Wednesday, October 11, 2006

How I talk back to the texts

Both of the articles "Responding to Students Who Disclose the Violence in Their Lives"by Douglas Fisher and "Warriors with Words: Toward a Post-Columbine Writing Curriculum"by G. Lynn Nelson, offered great insights on how to deal with children who are violent or have been involved in violence.

I found myself agreeing more with Nelsons piece. The article was very passionate explaining why writing personal stories can be a great outlet for kids. People do want their personal experiences or thoughts heard and we as teachers have to be the listeners. Fisher brings up a good point that there are many different ways to respond to violence but the best way is the "Professional Approach" offering help to the writer. Fishers article seems to focus a lot on helping the students while Nelson wants the child to write a personal story that will change the writer and reader just in the telling of it. I think this is a strong comment but I think it works. We are all affected by what we read and the things we express on paper. Reading these stories together can help people be closer and move away from the ever present violence. We can try and help kids in the way Fisher describes but maybe the extent of the help is allowing the students to vent and then listening to their frustrations.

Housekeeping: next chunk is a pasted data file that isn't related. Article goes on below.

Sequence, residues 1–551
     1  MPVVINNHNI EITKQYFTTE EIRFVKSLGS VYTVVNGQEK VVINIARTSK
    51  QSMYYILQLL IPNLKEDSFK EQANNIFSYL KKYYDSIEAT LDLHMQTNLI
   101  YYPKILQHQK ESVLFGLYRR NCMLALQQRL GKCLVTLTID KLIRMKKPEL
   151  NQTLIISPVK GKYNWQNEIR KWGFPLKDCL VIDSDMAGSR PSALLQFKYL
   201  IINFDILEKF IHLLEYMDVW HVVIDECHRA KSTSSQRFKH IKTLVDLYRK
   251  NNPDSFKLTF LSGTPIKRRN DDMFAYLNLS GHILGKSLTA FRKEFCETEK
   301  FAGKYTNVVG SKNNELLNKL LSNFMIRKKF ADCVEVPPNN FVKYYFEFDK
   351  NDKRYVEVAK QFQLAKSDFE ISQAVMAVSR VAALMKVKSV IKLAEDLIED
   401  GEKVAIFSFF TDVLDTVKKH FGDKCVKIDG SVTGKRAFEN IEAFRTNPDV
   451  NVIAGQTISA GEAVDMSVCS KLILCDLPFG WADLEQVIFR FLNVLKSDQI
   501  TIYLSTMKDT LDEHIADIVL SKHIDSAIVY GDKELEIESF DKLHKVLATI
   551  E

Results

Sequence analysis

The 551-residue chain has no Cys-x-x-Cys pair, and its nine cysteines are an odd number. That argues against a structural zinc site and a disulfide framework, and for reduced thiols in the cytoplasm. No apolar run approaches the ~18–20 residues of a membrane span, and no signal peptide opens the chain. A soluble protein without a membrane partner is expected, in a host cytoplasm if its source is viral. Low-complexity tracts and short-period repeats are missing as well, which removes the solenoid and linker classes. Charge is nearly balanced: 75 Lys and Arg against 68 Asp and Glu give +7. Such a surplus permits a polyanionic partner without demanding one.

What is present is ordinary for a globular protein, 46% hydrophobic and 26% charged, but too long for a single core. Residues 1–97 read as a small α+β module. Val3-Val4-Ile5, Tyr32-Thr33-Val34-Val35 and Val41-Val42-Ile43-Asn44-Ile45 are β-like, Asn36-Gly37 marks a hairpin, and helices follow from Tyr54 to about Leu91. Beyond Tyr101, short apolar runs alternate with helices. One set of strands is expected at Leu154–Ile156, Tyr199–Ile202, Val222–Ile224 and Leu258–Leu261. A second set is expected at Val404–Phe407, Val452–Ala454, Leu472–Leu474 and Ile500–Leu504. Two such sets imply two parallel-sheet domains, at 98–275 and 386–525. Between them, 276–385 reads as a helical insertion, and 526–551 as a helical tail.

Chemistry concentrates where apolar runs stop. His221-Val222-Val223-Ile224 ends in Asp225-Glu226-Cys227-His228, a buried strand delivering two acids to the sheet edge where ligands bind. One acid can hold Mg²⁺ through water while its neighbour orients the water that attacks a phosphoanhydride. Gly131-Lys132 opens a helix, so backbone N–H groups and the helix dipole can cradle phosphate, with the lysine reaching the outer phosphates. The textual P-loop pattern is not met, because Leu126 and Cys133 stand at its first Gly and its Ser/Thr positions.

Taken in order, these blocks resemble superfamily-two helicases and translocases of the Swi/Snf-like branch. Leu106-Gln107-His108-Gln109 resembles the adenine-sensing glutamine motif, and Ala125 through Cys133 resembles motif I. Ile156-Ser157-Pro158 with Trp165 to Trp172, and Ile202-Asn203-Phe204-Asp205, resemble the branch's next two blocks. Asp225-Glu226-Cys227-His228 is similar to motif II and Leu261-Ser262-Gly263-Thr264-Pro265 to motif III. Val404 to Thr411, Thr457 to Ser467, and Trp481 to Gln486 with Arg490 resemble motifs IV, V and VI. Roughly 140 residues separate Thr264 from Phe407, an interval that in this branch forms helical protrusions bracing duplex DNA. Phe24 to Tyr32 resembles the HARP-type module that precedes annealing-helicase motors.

Sometimes, when I am upset with someone I write them a letter. Whether or not I give it to them, my frustrations have been let out on paper and I am left with a sense of relief. Students need this outlet and as English teachers we can provide this in our classrooms


Blogger Cindy O-A said...

The letter-writing ideas is a good one! How could you use it to help kids deal with tough issues in class? Do you think that it might help them respond personally and constructively at the same time?

10:23 AM  

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